Seriously, all the former-jugglers, people who claim to have made and lost millions of dollars in bitcoins when they were 18, startup founders taking off their clothes and asking to be touched, submerging their hands into chicken curry, referring to human beings as primates when discussing psychology, saying things like, "I will allow you to disengage," and "I want us to conquer death," staying packed in a house and sleeping on mattresses on the kitchen floor for four days straight...

Batshit. Insane.
posted by davejh at 3:38 AM on January 15, 2016 [14 favorites]


The only remotely charitable thing I can think of saying is that it sounds like someone has internalized Cyteen and has ignored essentially all the pertinent bits that forecast this as a terrible idea.
posted by kalessin at 4:04 AM on January 15, 2016


So two things.

1. While reading this I immediately thought of The Guardians of the Galaxy where Rocket stands up and say, "There, now we're all standing. What a bunch of Jackasses." I'm not entirely sure why this came to mind, but it has something to do with the fact that they all had to be standing for the authenticity of the plan to be real and the mocking acknowledgement that indeed, standing had no actual benefit.

2) I know this is going to lead to some form of monetized disruption that is going to swindle the poor. I just hope that someone at least monetizes this by filming it in a reality TV style house full of paper millionaire Silicon Valley types doing stupid things like wear signs that say touch me while their shirt is off. There is a level of vainity that I find so... palpable... to someone that has to stand outside and look in the window to feel 'excluded' that makes me want to take their picture and watch them while slowly ripping it up in some grotesque Fellini film style.
posted by Nanukthedog at 4:26 AM on January 15, 2016 [1 favorite]


Ohhhh, I get it: it's all run by the creator of Harry Potter and the Methods of Rationality. Dude has found a niche market of applying "rigorous" methods to systems of belief or nature that are completely fabricated from the mind of one person, and then getting results back with more digits of precision than any of the inputs.

This guy is going to make a killing in Silicon Valley. As is oft-repeated: the people who get rich in San Francisco aren't the ones mining for gold, they're the ones selling shovels.
posted by Mayor West at 4:35 AM on January 15, 2016 [9 favorites]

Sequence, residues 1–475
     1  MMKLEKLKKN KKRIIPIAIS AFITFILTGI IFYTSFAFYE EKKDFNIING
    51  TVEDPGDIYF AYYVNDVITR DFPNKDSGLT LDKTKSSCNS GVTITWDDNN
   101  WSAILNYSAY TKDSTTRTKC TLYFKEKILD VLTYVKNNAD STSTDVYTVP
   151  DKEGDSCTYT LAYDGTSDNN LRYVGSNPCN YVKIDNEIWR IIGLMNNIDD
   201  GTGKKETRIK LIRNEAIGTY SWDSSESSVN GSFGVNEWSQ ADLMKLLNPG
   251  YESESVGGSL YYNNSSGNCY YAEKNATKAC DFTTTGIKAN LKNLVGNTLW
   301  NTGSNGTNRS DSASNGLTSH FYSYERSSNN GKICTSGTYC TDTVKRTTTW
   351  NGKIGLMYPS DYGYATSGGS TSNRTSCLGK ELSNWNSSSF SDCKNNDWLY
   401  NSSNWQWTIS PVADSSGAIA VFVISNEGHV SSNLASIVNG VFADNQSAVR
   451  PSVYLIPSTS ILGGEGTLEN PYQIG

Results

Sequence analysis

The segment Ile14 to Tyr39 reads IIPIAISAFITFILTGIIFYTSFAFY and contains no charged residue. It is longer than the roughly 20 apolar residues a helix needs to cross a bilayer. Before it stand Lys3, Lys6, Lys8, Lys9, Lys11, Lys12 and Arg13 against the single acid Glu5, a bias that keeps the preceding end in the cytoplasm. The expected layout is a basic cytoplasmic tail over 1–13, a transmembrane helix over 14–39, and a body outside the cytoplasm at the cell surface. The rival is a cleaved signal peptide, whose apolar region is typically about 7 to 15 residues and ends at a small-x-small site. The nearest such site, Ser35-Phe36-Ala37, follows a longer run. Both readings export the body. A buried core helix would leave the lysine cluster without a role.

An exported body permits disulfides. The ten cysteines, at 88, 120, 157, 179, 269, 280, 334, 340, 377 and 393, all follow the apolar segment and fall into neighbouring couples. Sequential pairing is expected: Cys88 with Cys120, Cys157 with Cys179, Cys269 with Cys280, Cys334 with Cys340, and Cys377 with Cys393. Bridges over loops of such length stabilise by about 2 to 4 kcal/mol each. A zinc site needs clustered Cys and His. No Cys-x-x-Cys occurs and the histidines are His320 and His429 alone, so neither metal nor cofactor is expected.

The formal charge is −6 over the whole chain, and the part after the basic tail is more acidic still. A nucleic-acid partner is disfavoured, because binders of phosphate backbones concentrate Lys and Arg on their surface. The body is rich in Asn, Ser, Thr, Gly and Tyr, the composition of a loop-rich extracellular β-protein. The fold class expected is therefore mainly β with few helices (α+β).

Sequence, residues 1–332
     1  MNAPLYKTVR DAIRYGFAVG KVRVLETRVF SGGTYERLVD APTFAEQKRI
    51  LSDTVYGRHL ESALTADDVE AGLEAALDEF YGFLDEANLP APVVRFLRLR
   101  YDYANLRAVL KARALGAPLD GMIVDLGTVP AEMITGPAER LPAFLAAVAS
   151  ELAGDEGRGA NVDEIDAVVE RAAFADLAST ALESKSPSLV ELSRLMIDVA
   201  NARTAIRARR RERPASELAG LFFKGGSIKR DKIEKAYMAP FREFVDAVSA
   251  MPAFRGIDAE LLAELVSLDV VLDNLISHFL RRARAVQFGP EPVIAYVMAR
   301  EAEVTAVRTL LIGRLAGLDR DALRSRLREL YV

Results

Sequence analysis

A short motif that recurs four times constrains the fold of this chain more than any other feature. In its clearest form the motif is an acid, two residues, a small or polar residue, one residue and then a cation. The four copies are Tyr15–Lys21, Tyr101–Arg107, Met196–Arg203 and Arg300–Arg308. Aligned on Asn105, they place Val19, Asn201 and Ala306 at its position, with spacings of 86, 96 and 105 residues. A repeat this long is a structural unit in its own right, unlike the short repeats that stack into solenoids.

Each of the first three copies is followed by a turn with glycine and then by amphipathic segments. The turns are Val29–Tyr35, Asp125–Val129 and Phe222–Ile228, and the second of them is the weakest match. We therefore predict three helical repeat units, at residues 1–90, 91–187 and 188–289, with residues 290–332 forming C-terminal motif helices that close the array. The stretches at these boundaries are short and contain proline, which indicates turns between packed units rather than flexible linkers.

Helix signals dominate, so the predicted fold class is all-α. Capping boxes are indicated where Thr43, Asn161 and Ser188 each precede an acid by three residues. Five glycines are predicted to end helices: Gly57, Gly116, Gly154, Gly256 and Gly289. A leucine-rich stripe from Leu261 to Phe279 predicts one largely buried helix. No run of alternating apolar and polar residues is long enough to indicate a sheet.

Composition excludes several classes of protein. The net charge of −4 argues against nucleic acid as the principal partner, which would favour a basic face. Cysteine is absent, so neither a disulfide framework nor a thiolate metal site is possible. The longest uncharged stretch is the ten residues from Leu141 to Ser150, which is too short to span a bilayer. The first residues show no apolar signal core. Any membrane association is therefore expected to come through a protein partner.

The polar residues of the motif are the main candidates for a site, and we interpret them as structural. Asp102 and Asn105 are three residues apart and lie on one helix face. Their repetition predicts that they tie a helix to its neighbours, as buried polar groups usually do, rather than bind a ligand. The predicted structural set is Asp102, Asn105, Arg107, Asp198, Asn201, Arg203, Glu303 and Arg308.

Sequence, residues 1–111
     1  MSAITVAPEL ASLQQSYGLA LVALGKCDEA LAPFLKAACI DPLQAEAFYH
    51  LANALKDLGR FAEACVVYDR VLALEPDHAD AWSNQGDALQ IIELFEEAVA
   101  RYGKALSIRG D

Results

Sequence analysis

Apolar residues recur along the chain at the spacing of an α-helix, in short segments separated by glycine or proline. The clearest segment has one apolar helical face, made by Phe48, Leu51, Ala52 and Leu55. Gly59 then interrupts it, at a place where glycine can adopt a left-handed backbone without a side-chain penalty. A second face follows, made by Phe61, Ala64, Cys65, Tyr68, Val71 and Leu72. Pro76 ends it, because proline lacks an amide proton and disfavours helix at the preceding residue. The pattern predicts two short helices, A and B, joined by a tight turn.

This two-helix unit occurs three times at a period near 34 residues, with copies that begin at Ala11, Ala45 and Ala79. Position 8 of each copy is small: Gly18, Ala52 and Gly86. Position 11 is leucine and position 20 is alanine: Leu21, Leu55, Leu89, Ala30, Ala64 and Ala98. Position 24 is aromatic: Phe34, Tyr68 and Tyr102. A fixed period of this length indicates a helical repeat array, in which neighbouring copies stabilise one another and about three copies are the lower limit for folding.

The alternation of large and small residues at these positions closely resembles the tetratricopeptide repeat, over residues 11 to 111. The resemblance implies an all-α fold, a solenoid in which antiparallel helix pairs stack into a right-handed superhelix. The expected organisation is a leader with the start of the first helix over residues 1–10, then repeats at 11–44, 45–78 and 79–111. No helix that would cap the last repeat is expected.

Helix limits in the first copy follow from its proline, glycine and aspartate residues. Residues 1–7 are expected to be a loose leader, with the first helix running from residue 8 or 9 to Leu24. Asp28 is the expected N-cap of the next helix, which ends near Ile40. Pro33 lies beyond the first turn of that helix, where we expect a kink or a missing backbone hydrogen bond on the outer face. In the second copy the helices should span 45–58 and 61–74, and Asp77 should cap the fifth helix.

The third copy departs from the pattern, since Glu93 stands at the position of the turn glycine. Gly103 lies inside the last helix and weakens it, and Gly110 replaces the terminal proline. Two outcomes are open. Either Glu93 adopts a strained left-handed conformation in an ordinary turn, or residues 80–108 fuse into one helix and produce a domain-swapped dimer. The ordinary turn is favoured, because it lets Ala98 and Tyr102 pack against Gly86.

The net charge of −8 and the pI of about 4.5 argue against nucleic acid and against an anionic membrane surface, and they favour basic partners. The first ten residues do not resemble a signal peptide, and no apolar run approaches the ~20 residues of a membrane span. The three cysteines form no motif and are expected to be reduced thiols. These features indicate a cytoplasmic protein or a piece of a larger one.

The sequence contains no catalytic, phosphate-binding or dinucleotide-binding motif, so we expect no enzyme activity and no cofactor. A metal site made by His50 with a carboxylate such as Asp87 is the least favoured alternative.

Calling Yudkowsky an AI researcher is like calling a virginal erotica writer sexually experienced. Every time you see him described as "researching" or "studying" something, replace that with "speculating about" and you've just moved your understanding a bit closer to reality.
posted by Pope Guilty at 4:58 AM on January 15, 2016 [20 favorites]


What if the super-intelligence is only brought about by buying cereal?

This is a PKD story waiting to be written.

...

I'm not joking, write it.

...

No, seriously, that was a command. DO IT!
posted by aramaic at 6:06 AM on January 15, 2016


This is so so so so so Scientology 2.0. Right down to the insistence that anyone who doesn't agree hasn't "studied" the (voluminous) works of the founder enough to criticize.
posted by overeducated_alligator at 6:15 AM on January 15, 2016 [2 favorites]


If you do not like shortened url's and you want to know what you are clicking on the referenced New York Times article title, author, url:

The Happiness Code
A new approach to self-improvement is taking off in Silicon Valley: cold, hard rationality.
By JENNIFER KAHN JAN. 14, 2016


The article is a trend piece. They didn't include any rational solstice celebrations which would have been timely--these evangelical atheists have a big meetup at christmas and they call it a solstice celebration where they talk about how smart they are and the horrors of having 4 billion people active on the internet. (Which to be fair is pretty horrible but they like to use logical fallacy tables and they don't see what is More Wrong about that?)

The best part was at the end: Jennifer Kahn is a contributing writer for the magazine. She teaches in the magazine program at the Graduate School of Journalism at the University of California, Berkeley, and was a Ferris professor of journalism at Princeton University in 2015.